Pattern III, in turn, is characterized by reduced facial convexity due to maxillary deficiency, mandibular prognathism or a combination of both. In patients with maxillary deficiency, infraorbital depression and zygomatic prominence are missing. The middle third is poor. The chin-neck line is long, less pronounced in prognathic dolichofacial patients. The differential diagnosis of these patients relative to the Long Face Pattern is determined by gingival exposure when smiling, which is normal in prognathic patients, who do not require upper replacement of the maxilla in orthognathic surgery.
Individuals with Short Face Pattern may also experience a reduction in facial convexity, which confuses them with Pattern III patients. Differential diagnosis is once again performed according to the amount of exposure of upper incisors when smiling. A reduced exposure, indicative of the need for lower repositioning of the maxilla, determines the diagnosis of individuals with Short Face Pattern.
In frontal view, Pattern III patients are mainly characterized by excessive lower lip and chin height, and deficiency in the middle third of the face, which is expressionless. Minor discrepancies are not perceived when evaluated in frontal view, improving the prognosis of nonsurgical treatment.
Seventeen patients were classified as Pattern III according to the Gold Standard. The percentage of correct classifications was 53%, with Kappa = 0.41 (moderate agreement). Once again, the worst confusion occurred between mild Pattern III and Pattern I individuals (Fig 6). Thirty and a half percent of Pattern III individuals were classified as Pattern I. Lateral cephalograms should be evaluated in order to facilitate differential diagnosis. Lateral cephalograms allow the identification of lower incisor uprighting, upper incisor protrusion and skeletal discrepancy (Fig 7). These characteristics should be preserved in the compensatory treatment of these patients, thereby influencing the choice of brackets.
Twelve percent of Pattern III patients were rated as Long Face Pattern. These patients, however, are Pattern III dolichofacials and show no vertical maxillary excess.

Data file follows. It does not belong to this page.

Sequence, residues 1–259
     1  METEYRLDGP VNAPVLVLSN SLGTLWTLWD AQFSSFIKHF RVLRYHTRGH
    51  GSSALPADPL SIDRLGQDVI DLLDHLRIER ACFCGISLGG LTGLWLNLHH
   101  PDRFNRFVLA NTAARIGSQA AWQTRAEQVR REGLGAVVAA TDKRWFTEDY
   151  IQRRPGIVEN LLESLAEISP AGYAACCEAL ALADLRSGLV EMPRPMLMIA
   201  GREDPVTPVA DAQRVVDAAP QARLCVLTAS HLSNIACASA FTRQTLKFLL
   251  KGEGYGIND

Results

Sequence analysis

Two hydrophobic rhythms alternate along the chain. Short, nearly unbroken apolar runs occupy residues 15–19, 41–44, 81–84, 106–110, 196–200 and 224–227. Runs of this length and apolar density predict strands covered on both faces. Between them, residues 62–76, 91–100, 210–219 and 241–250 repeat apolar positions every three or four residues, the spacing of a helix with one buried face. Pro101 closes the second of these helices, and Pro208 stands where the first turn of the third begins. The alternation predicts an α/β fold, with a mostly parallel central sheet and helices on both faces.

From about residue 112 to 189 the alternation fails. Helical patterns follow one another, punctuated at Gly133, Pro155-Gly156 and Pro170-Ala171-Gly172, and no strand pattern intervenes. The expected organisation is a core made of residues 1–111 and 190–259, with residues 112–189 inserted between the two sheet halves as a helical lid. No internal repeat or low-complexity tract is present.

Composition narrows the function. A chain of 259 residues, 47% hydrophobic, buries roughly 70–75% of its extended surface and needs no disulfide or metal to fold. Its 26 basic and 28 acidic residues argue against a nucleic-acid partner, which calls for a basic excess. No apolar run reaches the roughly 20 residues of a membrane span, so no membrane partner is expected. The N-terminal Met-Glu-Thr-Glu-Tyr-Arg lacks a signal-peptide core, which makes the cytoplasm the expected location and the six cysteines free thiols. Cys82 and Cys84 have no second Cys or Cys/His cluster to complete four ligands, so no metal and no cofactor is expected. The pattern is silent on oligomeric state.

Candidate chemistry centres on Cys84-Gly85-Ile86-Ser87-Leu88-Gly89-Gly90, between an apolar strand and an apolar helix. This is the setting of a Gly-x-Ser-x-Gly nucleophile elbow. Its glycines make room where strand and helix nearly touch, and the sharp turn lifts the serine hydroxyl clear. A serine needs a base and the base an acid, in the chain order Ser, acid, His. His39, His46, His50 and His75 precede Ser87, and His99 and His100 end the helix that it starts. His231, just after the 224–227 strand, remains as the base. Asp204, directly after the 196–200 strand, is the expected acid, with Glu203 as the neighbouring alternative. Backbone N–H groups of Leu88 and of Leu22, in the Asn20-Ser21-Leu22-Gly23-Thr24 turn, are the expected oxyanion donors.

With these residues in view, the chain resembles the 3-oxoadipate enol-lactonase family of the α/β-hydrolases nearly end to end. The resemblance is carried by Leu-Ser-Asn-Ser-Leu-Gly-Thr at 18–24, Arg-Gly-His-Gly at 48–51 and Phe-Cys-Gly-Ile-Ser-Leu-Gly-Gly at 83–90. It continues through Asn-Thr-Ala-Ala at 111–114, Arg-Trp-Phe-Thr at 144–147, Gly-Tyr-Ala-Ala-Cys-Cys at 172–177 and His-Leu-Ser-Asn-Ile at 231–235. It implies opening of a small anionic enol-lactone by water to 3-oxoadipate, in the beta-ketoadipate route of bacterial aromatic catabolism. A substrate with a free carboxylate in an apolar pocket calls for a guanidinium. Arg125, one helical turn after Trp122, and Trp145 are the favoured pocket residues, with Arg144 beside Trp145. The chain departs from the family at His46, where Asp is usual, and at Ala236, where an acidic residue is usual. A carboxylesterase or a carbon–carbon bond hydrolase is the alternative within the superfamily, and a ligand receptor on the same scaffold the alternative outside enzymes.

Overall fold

Patients with Long Face Pattern are characterized by excessive vertical growth of the maxilla, downward and backward rotation and lip seal incompetence, excessive gingival exposure when smiling and likewise in the upper incisors at rest. Due to excessive vertical growth and deficiency in the sagittal growth of the facial bones, these patients present with maxillary and mandibular retrusion. The percentage of correct classification for this Pattern was 59.4% (Kappa = 0.49, moderate agreement). Their facial convexity is increased due to mandibular rotation downwards and backwards. Therefore, 26.8% of the patients with Long Face Pattern were classified as Pattern II (Table 3 and Fig. 8). In defining the differential diagnosis one must check the sealing of perioral muscles typically present in Pattern II individuals and the amount of gingival exposure when smiling, which is normal in Pattern II patients.
In evaluating the profile of Long Face patients one should check gonial angle opening, long and narrow symphysis, increased distance between molar apex and palatal plane, and excessive exposure of upper incisor at rest (Fig 9).
When lip seal is present in the patients, it is forced and forms a double chin.
These patients are usually esthetically unpleasant and require orthognathic surgery associated with orthodontic treatment to restore facial balance and allow proper sealing of the perioral musculature. Surgical planning of these patients includes maxillary replacement and expansion, upward and forward rotation, mandibular advancement or setback, and vertical chin reduction.
In 11% of Long Face Pattern evaluations these patients were classified as Pattern I and 3% as Pattern III (Table 4).
When Long Face patients fail to be diagnosed as such, the use of unsuitable orthodontic mechanics may lead to an increase in vertical dimension and the worsening of this pattern, compromising facial esthetics and occlusal function (anterior guidances) by reducing overbite.
Patients with Short Face Pattern exhibit small vertical growth associated with upward and forward mandibular rotation. Their chin is usually prominent. There is little upper dental exposure when smiling even in young patients, and excessive lip compression at rest, indicating lower repositioning of the maxilla as a mandatory procedure in orthognathic surgery for these patients.